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Mol Cell. 2014 Mar 6;53(5):689-99. doi: 10.1016/j.molcel.2014.01.012. Epub 2014 Feb 20.

Polyphosphate is a primordial chaperone.

Author information

1
Department of Molecular, Cellular, and Developmental Biology, University of Michigan, Ann Arbor, MI 48109, USA.
2
Department of Molecular, Cellular, and Developmental Biology, University of Michigan, Ann Arbor, MI 48109, USA; Cellular and Molecular Biology Program, University of Michigan, Ann Arbor, MI 48109, USA.
3
Department of Molecular, Cellular, and Developmental Biology, University of Michigan, Ann Arbor, MI 48109, USA; Howard Hughes Medical Institute, University of Michigan, Ann Arbor, MI 48109, USA.
4
Department of Molecular, Cellular, and Developmental Biology, University of Michigan, Ann Arbor, MI 48109, USA; Cellular and Molecular Biology Program, University of Michigan, Ann Arbor, MI 48109, USA; Howard Hughes Medical Institute, University of Michigan, Ann Arbor, MI 48109, USA.
5
Department of Molecular, Cellular, and Developmental Biology, University of Michigan, Ann Arbor, MI 48109, USA; Cellular and Molecular Biology Program, University of Michigan, Ann Arbor, MI 48109, USA. Electronic address: ujakob@umich.edu.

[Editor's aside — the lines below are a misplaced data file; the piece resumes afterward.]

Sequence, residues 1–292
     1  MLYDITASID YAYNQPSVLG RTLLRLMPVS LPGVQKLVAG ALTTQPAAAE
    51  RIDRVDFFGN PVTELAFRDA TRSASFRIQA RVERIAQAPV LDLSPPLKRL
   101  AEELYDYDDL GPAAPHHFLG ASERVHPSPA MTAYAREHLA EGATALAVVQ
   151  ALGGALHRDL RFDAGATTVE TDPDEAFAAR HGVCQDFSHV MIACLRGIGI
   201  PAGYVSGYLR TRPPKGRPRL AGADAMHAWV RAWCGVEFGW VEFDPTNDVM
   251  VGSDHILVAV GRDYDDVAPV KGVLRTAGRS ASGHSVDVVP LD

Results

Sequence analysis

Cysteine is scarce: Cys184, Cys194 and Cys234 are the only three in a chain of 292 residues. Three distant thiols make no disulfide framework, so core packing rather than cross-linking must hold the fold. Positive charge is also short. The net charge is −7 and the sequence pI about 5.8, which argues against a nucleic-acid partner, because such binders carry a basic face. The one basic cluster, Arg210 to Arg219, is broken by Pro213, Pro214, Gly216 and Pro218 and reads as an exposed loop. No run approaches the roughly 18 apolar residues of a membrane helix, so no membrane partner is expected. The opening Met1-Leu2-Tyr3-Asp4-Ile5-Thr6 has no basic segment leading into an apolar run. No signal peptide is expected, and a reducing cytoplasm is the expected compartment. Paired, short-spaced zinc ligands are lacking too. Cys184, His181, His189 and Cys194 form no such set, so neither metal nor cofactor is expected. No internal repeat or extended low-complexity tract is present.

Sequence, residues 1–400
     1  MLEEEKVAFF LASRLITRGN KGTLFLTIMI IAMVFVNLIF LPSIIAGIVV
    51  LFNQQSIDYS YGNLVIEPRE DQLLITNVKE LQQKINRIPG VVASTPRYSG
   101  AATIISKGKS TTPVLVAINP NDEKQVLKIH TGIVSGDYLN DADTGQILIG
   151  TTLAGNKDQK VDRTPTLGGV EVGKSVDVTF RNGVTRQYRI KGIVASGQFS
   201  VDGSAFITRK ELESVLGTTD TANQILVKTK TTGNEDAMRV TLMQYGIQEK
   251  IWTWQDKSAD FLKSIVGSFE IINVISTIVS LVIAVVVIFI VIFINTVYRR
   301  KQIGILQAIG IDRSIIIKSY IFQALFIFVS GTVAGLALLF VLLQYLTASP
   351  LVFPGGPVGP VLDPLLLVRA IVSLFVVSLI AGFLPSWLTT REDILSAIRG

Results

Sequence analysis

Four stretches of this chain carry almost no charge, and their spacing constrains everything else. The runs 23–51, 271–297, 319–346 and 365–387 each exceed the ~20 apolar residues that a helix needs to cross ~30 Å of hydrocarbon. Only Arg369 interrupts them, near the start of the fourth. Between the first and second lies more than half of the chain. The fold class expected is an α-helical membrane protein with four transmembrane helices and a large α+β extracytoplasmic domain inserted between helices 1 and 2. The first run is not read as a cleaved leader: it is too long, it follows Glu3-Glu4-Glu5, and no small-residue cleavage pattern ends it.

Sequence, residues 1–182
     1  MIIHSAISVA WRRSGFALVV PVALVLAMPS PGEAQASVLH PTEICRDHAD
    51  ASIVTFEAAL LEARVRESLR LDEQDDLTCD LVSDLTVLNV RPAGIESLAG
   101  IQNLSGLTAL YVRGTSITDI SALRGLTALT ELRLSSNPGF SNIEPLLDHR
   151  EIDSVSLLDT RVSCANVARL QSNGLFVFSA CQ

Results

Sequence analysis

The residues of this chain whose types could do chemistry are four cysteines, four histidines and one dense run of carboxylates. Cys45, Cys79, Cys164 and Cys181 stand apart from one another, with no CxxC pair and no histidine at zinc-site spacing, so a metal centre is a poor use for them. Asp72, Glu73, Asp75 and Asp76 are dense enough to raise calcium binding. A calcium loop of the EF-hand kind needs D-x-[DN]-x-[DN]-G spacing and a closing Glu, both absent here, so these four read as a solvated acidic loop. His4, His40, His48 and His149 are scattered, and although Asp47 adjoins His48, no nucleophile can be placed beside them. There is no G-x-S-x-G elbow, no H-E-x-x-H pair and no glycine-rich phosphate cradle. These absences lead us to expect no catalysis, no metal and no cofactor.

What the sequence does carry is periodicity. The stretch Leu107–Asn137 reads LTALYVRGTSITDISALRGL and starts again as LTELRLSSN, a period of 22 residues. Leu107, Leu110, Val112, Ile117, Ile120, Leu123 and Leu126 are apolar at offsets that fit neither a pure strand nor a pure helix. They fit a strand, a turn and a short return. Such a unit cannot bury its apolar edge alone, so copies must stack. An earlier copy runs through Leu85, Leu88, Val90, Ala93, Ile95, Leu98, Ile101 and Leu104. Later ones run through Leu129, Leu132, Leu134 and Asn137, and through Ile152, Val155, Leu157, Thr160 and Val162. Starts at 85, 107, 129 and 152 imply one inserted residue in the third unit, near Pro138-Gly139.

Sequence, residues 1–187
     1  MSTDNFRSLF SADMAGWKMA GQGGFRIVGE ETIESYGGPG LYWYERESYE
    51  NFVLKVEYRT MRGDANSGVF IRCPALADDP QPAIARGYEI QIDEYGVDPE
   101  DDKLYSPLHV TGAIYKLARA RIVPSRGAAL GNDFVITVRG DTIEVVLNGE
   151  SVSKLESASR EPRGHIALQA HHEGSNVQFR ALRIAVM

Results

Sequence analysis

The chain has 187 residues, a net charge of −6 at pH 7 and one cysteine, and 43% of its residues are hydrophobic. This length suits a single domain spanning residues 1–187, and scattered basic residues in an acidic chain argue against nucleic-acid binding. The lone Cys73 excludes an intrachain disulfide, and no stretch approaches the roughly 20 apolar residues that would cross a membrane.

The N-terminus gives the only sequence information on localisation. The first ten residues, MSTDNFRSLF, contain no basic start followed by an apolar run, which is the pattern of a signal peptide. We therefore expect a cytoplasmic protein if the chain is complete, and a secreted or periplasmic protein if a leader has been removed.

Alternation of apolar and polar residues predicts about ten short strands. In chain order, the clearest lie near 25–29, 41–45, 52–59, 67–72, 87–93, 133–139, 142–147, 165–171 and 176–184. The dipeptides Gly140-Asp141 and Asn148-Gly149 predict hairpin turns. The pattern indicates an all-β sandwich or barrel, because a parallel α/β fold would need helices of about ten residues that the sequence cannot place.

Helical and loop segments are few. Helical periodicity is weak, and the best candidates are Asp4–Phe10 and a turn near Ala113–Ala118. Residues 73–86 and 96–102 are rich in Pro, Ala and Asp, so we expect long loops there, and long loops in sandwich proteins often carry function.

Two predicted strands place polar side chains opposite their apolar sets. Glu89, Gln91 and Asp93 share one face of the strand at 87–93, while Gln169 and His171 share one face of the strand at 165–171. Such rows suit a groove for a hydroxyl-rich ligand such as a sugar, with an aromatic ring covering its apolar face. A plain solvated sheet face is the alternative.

Abstract

Composed of up to 1,000 phospho-anhydride bond-linked phosphate monomers, inorganic polyphosphate (polyP) is one of the most ancient, conserved, and enigmatic molecules in biology. Here we demonstrate that polyP functions as a hitherto unrecognized chaperone. We show that polyP stabilizes proteins in vivo, diminishes the need for other chaperone systems to survive proteotoxic stress conditions, and protects a wide variety of proteins against stress-induced unfolding and aggregation. In vitro studies reveal that polyP has protein-like chaperone qualities, binds to unfolding proteins with high affinity in an ATP-independent manner, and supports their productive refolding once nonstress conditions are restored. Our results uncover a universally important function for polyP and suggest that these long chains of inorganic phosphate may have served as one of nature's first chaperones, a role that continues to the present day.

PMID:
24560923
PMCID:
PMC3996911
DOI:
10.1016/j.molcel.2014.01.012
[Indexed for MEDLINE]
Free PMC Article
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